“The outbreak “filled the ship’s crew with alarm,”wrote Bryce. “The Captain (Turner), alarmed, refused to go to his destination, but ran the ship into Fort Churchill and there disembarked them.” Fort Churchill was 160 kilometres north of York factory, their intended destination. William Auld, the “inland trader” at York Factory, heard of Turner’s inhumane treatment of the settlers, and set for Fort Churchill in an open boat. Upon reaching the fort before the captain’s departure, he ordered Turner to re-embark the settlers and their belongings, which was done at a leisurely pace. When loaded and supposedly heading for deep water, Turner allowed the ship to run aground, which meant the ship had to be unloaded to be refloated. With this delay, Turner argued that he could not reach London before the onset of winter if he took the settlers to York Factory. Auld had no other choice but to agree and the settlers were once again marooned.
Once abandoned, the settlers had no choice but to wait out the winter along the Churchill River, but even the local HBC officials feared their presence and prevented them from entering the Company’s fort to have a better chance at battling the ravages of a northern winter. Shortly after their arrival, the settlers journeyed several kilometres inland to what is today known as Harriet Creek (originally named Colony Creek in their honour), where they built make-shift cabins and scoured the land for food.
“Fortunately partridge (ptarmigan) were numerous in the neighbourhood of their encampment, and. as the uneventful months dragged by, the settlers had an unstinted supply of food” (Wood).
Six more deaths occurred while they waited out the winter.
“In the spring their was no resource but to trudge over the rocky ledges and forbidding desolation of more than 100 miles between the Fort Churchill and York Factory,” wrote Bryce. “On the 6th of April, 1814, a party of twenty-one males and twenty females started on this celebrated tramp (over the still snow-covered rough terrain). At first the party began to march in single file, but finding this inconvenient changed to six abreast. Unaccustomed to snowshoes and sleds the Colonists found the snowy walk very distressing. Three fell by the way and were carried on by the stronger men.”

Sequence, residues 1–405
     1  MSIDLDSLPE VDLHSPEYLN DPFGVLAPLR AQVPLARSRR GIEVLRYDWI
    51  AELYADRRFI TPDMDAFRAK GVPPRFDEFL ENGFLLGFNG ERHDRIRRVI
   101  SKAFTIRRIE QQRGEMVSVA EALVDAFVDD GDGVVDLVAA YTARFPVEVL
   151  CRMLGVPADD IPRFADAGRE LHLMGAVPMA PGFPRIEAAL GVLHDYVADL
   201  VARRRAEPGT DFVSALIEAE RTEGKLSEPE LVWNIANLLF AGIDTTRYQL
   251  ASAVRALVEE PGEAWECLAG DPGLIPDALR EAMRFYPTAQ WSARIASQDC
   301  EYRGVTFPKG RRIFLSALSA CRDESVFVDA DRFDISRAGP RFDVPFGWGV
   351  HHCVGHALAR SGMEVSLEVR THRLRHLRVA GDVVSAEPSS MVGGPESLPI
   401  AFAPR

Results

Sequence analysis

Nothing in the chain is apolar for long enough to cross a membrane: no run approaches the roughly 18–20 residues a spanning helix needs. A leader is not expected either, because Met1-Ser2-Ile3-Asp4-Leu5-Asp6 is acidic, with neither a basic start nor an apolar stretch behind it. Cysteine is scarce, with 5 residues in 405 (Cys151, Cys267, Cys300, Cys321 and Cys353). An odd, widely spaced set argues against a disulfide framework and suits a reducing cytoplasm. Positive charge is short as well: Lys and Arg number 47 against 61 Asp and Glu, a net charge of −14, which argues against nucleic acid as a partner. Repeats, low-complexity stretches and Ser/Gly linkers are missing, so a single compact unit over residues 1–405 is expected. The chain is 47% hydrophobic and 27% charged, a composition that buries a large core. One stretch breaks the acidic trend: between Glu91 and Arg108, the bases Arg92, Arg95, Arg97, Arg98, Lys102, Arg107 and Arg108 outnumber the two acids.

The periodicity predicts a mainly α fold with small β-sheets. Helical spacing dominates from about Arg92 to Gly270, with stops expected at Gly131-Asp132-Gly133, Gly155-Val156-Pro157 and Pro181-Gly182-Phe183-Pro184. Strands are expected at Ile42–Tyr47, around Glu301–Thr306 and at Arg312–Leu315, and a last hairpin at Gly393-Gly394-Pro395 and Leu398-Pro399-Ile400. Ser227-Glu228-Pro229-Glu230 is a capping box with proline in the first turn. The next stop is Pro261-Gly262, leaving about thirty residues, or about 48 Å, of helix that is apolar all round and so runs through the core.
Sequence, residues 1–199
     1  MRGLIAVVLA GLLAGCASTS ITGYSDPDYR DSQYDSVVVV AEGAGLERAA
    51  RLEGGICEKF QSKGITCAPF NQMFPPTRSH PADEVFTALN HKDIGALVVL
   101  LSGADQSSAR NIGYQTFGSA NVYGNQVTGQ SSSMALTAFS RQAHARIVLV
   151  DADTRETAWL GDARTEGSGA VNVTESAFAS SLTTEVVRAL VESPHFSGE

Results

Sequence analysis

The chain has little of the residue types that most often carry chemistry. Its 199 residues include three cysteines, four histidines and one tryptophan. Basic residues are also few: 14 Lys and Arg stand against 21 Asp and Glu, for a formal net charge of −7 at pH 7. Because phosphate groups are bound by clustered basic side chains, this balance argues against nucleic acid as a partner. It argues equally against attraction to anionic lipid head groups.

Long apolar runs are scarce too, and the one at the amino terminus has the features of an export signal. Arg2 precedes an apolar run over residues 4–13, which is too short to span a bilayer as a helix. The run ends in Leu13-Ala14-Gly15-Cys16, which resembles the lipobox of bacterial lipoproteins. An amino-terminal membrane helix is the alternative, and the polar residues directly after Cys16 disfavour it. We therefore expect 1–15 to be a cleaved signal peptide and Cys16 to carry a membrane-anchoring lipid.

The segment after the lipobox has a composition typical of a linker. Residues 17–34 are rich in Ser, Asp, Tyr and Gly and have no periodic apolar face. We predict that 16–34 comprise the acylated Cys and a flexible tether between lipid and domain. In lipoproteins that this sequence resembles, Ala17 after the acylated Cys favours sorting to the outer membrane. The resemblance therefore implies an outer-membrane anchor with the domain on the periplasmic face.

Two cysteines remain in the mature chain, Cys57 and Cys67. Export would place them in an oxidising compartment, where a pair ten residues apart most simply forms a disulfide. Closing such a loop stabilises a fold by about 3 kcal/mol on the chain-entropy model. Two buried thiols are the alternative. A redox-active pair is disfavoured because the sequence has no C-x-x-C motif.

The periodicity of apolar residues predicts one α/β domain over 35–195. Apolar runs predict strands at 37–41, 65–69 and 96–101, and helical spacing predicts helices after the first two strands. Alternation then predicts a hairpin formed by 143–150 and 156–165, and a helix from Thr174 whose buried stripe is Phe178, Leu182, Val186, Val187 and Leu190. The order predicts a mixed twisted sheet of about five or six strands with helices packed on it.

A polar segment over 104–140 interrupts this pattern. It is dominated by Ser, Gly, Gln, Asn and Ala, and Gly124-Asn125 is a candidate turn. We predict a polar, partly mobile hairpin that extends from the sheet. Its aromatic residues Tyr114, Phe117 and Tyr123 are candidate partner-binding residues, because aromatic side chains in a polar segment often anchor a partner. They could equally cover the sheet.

The strangest aspect of this arduous trek was the presence of a kilted bagpiper to keep up flagging spirits. “Up through the scrubby pine and over the mantle of snow rang the skirl of the undefeated,” wrote Wood, “and as they heard the gathering song of Bonnie Dundee ..., they pressed forward with unfaltering steps.”
Undaunted by the still bitterly cold weather and snow, the advance party reached York Factory on April 13. After a month at York Factory, they departed for the Red River, reaching The Forks on June 21. Those who were left behind also made their way to the settlement in August.
By all accounts, the settlers from Kildonan were a hardy bunch well-versed in husbandry. They planted potatoes upon their arrival and eventually harvested a plentiful crop.
According to Wood, “The thrifty Sutherlanders might have saved the tottering colony,” had not Governor Miles Macdonnell issued his ill-advised Pemmican Proclamation, initiating a war with the Nor’Westers (the Battle of Seven Oaks was the most disastrous) that almost proved fatal to the settlement.
Many of the third party would eventually leave the fledgling colony, but others, with names such as Gunn, Matheson, Sutherland and McKay, persevered and helped found the city of Winnipeg.